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'Singe The Enchantment For Sleepe': Music And Bewitched Sleep In Early Modern English Drama

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Chapter Summary

Early modern English theologians, philosophers and composers have acknowledged the cosmic similitudes between music and magic, and judging from the number of plays featuring musical witches and sorceresses, London?s playwrights were well aware of these contemporary treatises. Though scholarship on sleep and dreams and the early modern imagination have come to the fore in recent years, serious musicological research into the relationship between witchcraft, music, and enchanted sleep as represented on the early modern English stage is noticeably absent. This chapter examines three strikingly similar English plays, with Greco-Roman antecedents, written around the turn of the seventeenth century ? Robert Greene?s Alphonsus and Orlando Furioso, and John Lyly?s Endymion ? for the potent combination of music, magic, and bewitched sleep. Using a combination of song, sorcery, and erotic magic, the witch-sorceresses in these works charm the unsuspecting heroes to sleep with vocal and instrumental music.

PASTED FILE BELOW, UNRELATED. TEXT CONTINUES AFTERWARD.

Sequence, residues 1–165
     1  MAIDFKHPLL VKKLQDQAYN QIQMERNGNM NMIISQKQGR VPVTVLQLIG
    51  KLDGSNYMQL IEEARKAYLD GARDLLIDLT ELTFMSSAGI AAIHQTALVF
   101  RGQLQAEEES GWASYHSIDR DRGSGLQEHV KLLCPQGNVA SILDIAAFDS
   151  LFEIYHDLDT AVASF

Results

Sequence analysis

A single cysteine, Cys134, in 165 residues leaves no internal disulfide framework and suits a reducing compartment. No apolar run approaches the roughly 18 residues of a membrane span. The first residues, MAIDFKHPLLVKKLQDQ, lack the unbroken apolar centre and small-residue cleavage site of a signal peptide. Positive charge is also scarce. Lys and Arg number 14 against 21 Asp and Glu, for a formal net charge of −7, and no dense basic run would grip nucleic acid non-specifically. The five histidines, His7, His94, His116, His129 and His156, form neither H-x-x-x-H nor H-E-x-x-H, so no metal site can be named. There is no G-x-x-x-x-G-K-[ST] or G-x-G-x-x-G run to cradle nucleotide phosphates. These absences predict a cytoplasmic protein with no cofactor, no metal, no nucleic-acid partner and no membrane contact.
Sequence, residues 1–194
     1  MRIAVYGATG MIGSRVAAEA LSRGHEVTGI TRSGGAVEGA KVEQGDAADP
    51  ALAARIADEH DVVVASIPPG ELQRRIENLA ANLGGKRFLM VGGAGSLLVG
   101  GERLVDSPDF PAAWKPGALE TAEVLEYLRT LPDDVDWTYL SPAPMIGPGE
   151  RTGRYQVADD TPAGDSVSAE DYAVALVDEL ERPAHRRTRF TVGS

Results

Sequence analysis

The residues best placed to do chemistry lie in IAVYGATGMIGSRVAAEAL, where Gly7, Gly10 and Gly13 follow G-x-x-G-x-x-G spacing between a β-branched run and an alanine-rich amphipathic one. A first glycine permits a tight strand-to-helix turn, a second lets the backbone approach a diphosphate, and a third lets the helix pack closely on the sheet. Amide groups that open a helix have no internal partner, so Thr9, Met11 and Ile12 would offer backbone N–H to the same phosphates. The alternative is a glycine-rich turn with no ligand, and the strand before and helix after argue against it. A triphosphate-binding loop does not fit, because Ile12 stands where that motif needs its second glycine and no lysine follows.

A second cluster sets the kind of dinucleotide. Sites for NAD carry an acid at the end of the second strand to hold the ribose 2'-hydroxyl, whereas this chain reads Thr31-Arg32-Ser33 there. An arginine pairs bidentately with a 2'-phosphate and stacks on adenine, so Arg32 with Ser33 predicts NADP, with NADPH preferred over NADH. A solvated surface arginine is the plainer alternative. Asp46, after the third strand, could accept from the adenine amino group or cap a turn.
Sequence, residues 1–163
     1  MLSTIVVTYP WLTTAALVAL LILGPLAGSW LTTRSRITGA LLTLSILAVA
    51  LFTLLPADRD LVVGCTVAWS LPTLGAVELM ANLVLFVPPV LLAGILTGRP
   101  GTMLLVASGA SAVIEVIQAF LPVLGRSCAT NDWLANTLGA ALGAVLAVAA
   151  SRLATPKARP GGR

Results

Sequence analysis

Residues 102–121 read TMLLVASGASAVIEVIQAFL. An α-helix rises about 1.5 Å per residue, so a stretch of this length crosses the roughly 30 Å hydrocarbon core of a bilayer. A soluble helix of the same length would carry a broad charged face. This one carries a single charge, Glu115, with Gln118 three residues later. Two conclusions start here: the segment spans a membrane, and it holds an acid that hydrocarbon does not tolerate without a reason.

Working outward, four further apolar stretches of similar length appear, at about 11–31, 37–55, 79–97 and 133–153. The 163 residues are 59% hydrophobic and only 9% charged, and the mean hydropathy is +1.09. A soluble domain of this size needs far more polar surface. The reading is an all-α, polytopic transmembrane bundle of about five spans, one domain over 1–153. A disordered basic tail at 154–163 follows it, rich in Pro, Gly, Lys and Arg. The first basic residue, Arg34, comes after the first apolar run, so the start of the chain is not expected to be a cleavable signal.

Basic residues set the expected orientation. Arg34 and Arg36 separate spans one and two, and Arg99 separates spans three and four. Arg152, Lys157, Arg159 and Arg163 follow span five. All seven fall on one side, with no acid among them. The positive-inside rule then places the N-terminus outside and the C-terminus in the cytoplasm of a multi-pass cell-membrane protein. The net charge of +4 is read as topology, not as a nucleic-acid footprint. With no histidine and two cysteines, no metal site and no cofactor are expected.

Keywords: Alphonsus; early modern English stage; enchanted sleep; Endymion; erotic magic; music; Orlando Furioso



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